tampabay.com

New education leader needs to change agency

By A TIMES EDITORIAL
Published July 20, 2007


Florida quit electing an education commissioner eight years ago, believing that professional credentials might prove more valuable than political ones. Two politically motivated appointees later, the state only now has the chance to get it right. It is conducting its first national search for a commissioner, and public schools deserve a new brand of leadership.

The first two appointed commissioners, Jim Horne and John Winn, served as little more than campaign staff for a governor, Jeb Bush, who was so absorbed by his own education agenda that he has seeded a private foundation to safeguard his legacy. Bush didn't bother with either a search or the pretense that the appointed Board of Education would, as required by law, make the decision. The only qualification that seemed to matter was obedience.

With Winn's departure, Gov. Charlie Crist has signaled his support for a real search and his respect for the role of the Education Board. That alone is having a salutary effect. None of the current applicants is a legislator, as Horne was. Only one, K-12 chancellor Cheri Yecke, is an inhouse candidate with professed Bush ideology, as Winn was.

The next commissioner is going to have to shake up the Department of Education, an agency that has lorded over public schools with a combination of bureaucratic arrogance and institutional paranoia. DOE has been so slavish to its testing and accountability agenda that it brands criticism as a form of mutiny and critics as enemies. No wonder the concerns of classroom teachers have been ignored.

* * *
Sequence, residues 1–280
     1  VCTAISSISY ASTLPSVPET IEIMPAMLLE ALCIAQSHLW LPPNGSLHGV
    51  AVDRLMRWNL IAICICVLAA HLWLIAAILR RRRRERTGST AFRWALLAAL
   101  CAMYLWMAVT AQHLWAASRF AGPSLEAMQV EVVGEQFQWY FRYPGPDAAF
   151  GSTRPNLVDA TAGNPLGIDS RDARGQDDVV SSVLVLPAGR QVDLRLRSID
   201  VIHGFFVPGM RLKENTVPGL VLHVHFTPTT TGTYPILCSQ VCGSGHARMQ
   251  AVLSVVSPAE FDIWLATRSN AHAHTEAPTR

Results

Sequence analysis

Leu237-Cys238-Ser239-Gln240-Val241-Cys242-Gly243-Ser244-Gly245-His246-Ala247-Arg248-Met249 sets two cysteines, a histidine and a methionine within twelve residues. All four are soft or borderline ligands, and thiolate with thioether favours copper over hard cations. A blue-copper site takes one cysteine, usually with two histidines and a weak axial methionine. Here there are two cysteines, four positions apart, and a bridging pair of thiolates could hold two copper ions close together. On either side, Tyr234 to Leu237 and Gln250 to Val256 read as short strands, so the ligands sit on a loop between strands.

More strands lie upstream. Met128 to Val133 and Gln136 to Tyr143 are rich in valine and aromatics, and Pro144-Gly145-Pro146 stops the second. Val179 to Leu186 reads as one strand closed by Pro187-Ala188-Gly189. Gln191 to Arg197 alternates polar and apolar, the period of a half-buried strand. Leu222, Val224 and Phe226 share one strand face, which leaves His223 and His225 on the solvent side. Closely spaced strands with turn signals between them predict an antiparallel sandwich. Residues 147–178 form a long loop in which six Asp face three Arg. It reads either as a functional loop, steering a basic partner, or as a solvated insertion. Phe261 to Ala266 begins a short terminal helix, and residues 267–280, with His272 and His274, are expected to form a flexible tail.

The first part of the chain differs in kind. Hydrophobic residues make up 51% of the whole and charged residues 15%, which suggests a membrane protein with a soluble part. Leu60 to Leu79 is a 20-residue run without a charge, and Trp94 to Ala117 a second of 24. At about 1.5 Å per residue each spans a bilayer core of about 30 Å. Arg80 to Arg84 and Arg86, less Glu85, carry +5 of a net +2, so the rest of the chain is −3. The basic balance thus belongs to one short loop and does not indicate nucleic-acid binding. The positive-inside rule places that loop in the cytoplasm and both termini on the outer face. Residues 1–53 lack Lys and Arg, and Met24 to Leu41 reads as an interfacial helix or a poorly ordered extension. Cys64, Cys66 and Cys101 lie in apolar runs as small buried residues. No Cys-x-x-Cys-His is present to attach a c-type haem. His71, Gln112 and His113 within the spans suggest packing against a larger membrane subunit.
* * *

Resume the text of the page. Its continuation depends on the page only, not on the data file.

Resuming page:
The reason a functioning DOE is so essential to education reform is that lawmakers and governors can't be expected to understand the complexities. For that, they need a DOE that can make sure, for example, the reading test scale for 10th-graders doesn't defeat the purpose of high school grades. (It does, and DOE has looked the other way.)

The Education Board, whose members were appointed mainly by Bush, might want to take note of legislative efforts to turn back the clock and allow voters to again elect the commissioner. That effort is inspired, in part, by the baldly political and administratively inept tenure of the first two appointees. If the board wants to keep its appointment power, it will want to focus this time on competence, experience and professionalism.

Crist, who served as the last elected education commissioner, also has a stake in this selection. He has promised to bridge the ugly divide between Tallahassee and the classroom, and to listen to what educators have to offer. For that to happen, the next education commissioner will need to restore professionalism to DOE and rid a culture that has thrived on conflict with teachers and principals.

Schools are being held accountable. It's time for the same at DOE.